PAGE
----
This week's New York Observer features an article by Anna Schneider-Mayerson, on Columbia Law School's current efforts to recruit major scholars, including Lani Guinier (at left, photo courtesy of Cornell Chronicle), the eminent Harvard Law School professor and leading scholar of progressive civil rights policies and practices, such as proportional voting systems. The piece covers the sort of ground that once would have been the purview of the now defunct magazine Lingua Franca. It discusses Columbia Law's creation of a new center civil-rights center and its desire to vault its intellectual reputation (back) into the topmost ranks with Yale's, Harvard's, and Stanford's law schools, in part via the intellectual and cultural work of Guinier.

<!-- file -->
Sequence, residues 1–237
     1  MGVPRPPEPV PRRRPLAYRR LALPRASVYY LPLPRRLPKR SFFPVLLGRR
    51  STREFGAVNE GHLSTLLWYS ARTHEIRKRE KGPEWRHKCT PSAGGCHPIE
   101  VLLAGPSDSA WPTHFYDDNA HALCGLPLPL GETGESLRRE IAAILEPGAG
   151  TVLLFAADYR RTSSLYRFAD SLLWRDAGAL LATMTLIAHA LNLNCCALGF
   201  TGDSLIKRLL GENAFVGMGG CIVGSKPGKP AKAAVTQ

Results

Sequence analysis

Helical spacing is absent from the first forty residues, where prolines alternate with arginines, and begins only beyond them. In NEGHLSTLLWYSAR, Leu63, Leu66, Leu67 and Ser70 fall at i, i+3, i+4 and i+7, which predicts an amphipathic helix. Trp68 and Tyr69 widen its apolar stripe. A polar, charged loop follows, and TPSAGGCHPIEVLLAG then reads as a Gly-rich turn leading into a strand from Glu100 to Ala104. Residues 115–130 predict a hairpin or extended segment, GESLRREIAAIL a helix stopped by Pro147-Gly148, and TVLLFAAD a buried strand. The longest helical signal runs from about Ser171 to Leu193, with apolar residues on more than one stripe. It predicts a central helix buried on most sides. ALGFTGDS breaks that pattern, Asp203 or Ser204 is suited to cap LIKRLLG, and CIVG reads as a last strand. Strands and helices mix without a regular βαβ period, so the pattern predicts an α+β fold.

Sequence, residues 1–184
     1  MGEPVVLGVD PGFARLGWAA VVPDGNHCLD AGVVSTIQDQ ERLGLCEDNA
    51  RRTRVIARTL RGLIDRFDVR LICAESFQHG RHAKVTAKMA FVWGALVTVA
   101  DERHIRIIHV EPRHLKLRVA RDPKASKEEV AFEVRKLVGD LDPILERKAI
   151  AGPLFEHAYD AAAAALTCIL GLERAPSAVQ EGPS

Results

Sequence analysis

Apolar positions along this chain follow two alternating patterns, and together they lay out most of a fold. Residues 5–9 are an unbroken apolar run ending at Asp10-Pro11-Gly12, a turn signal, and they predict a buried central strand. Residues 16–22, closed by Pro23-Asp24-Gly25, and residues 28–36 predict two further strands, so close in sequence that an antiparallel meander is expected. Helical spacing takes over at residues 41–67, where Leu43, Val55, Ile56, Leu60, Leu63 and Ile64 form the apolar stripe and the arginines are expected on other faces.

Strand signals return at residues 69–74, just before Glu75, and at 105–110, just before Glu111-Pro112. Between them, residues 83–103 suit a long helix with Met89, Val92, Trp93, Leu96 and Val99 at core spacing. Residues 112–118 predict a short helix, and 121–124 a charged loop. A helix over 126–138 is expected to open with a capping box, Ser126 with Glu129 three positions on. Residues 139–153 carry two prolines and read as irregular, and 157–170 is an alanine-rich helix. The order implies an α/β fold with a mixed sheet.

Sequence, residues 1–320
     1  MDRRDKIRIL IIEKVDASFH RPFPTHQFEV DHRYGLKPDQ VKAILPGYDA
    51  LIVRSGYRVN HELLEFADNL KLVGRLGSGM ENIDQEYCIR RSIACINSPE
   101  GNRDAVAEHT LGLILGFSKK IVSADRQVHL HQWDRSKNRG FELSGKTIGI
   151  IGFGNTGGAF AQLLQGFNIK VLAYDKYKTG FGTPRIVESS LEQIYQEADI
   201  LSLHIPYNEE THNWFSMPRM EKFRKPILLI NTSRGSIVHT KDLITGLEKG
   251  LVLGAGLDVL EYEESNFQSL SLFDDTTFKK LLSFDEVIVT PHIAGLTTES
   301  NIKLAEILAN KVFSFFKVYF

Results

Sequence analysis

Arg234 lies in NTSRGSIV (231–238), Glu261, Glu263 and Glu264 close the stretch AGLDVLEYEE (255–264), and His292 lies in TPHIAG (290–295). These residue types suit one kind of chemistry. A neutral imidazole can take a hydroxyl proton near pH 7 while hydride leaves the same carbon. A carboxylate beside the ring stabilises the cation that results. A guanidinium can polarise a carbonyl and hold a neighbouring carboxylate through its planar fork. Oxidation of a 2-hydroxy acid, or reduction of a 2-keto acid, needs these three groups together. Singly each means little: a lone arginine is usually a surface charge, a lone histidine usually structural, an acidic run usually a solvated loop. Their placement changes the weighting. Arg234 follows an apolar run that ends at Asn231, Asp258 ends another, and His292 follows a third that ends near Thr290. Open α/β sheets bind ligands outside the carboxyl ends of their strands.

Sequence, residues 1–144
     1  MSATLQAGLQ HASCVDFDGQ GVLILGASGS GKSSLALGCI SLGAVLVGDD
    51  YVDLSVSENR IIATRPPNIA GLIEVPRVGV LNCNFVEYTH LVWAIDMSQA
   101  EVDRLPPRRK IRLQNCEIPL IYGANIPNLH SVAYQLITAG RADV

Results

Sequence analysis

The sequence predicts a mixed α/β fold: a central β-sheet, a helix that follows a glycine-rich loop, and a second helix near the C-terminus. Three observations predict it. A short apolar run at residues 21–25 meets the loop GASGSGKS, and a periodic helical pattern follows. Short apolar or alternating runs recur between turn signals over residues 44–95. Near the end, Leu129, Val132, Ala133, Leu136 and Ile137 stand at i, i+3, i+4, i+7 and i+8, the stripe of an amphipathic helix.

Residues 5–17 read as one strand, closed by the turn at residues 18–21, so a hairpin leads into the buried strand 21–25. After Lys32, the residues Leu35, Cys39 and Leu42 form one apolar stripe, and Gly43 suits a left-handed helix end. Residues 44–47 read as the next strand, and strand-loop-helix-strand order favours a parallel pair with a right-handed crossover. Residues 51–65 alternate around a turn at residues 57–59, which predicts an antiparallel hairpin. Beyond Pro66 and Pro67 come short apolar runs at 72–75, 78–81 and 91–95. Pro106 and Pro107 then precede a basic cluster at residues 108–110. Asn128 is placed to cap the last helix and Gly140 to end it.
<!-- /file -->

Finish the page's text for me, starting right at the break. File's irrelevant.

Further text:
What interested me most about the article beyond the tidbits about Columbia's institutional anxieties and the cultivation process of star faculty members was its recitation of the infamous episode in 1993 when right-wingers caricatured Guinier's scholarship and theories, labeling her "Quota Queen" and causing such a brouhaha that Bill Clinton, who'd nominated her to be Assistant Attorney General, withdrew the nomination. (Another aspect to this story that I'll never forget, beyond Bill Clinton's cowardice, was how super-operator Hillary Clinton's supposedly addressed Guinier, her former Yale Law School classmate and friend, in a white House hallway after her public humiliation and the president's rescission of the nomination: instead of consolation, the Senator and presidential wannabe flippantly and patronizingly called out, "Hey Kiddo!") Few Republicans in the White House, Congress or among the chattering class will admit to their shameful behavior towards Guinier or her ideas and work, or towards numerous other worthy, outstanding Clinton Cabinet and judicial nominees, which is one reason I laugh at their whining about legitimate Democratic Congressional inquiry into and opposition to the extremist views and rulings of Alito. One of the GOP lackeys claimed that Senator Ted Kennedy's questioning of Alito's membership in the Concerned Alumni of Princeton (CAP) was "nasty," "unfair" and "mean," among other ridiculous statements (especially given that Alito could remember his rulings perfectly but not only lied about not remembering his association with CAP, but recited Republican National Committee talking points about his desire to support ROTC--which had returned to Princeton by the time he joined CAP), but nothing that came out of Kennedy's or any other Democratic Judicial Committee's mouths has approached the nasty, distorting--mendacious--comments made about Guinier. The partisan poisoning of the well, so to speak, during the Clinton years has only worsened in recent years, with the Swift Boating of John Kerry and most recently Congressman John Murtha, and the character-assassination of any critics of the Warrantless Wiretapper.